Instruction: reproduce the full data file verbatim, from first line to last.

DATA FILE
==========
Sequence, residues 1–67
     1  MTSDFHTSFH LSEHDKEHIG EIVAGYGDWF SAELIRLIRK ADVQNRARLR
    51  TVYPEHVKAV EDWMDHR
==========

Sequence, residues 1–67
     1  MTSDFHTSFH LSEHDKEHIG EIVAGYGDWF SAELIRLIRK ADVQNRARLR
    51  TVYPEHVKAV EDWMDHR